Dave Obee       Local History / Family History



DNA: Should siblings test?

We get our DNA from our parents. But siblings do not receive exactly the same DNA -- the distribution is more random than that.

After a bit of begging, my two sisters agreed to do an autosomal test through Ancestry. I also tested there (along with other companies). Was it worth it? Yes, without a doubt. The proof is in the numbers.

As I write this, I have 145 fourth-cousin-or-better matches and I have confirmed the relationship for 43 of them. One sister has 205 matches, and I have confirmed 45 of them. The other sister has only 145 matches, but I have confirmed 44 of them. Both sisters have unique matches -- matches that I don't have, or that the other sister does not have.

In reality, each one of us has a few unique matches, ones the other siblings do not have. By testing my sisters, I have added (at this time) almost a dozen new matches -- and every one is a potential lead for further research.

I have also put my top 100 matches into a spreadsheet, along with the top 100 from my sisters. That is a good way to count the unique matches, and the result was amazing. One sister has 54 matches that I do not have. The other has fewer, but still, between the three of us -- DNA confirms we are siblings, by the way -- my top 100 list grew to almost 200. Every one of those matches is a match for me as well.

I have also asked cousins to test. I added to the spreadsheet all matches that are shared between any two of us -- my cousins and my siblings. That took the total match count to 250. The cousin tests have another benefit as well; they can provide clues whether a match is on my father's side or my mother's.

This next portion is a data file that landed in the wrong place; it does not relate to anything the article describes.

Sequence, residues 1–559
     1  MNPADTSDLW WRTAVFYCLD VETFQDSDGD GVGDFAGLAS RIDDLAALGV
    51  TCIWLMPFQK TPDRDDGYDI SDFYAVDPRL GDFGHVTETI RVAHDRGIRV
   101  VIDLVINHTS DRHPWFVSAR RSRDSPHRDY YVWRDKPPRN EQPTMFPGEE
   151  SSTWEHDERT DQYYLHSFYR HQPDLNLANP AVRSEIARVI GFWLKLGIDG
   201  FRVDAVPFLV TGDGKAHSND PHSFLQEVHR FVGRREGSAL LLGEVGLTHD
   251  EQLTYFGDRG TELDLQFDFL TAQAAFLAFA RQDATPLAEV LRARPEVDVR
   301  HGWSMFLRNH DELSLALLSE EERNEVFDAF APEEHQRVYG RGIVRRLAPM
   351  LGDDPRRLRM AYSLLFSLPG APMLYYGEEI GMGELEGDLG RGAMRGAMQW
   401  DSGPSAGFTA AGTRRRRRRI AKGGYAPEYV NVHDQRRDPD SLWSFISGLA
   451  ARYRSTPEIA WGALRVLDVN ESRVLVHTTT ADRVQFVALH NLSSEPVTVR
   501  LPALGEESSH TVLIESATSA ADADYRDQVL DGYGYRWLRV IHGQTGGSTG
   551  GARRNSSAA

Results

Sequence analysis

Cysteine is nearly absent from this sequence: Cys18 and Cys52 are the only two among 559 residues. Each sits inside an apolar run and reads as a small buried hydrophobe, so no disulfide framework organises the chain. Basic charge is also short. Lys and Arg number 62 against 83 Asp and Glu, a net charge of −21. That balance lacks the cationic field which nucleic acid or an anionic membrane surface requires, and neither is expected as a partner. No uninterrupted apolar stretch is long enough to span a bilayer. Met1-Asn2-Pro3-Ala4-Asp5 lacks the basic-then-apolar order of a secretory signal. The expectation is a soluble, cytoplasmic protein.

Back to siblings. Again, siblings don't get all the same DNA. DNA from three or four generations might have trickled down to one or two of us, not necessarily all three.

There are other reasons, X and Y, to get siblings to test.

My sisters cannot do a Y-DNA test; only males can do that. The Y chromosome is passed from father to son, so it traces the male-male-male line back. It is a great way to confirm the father's line. Women interested in their family history should ask their brothers, or failing that uncles or their sons on the relevant lines, to do Y tests to collect that information.

Also of interest is X-DNA, referring to a chromosome that cannot be passed from one male to another. My X-DNA information comes from my mother, and I can work back through my charts, eliminating all of the father-son relationships because X cannot get through that wall. X can be used to isolate a potential match to a particular line.

My sisters got the same X-DNA information that I did, but they also got X-DNA from our father, and from his mother, and from her father and mother, and so on. In other words, the tests done by my sisters open up more potential for matches that would apply to all three of us. If a new match is an X match to my sisters, I can check the charts to see which people might be the connection.

Don't have sisters? Check the charts for a cousin who might help.

And yes, X-DNA works. I have found matches on our mother's side as well as, thanks to my sisters, our father's side.

DNA works. It is revolutionizing genealogical research. Start working on it, buy tests for your siblings as well as yourself. Do not delay -- I have learned that that hard way.

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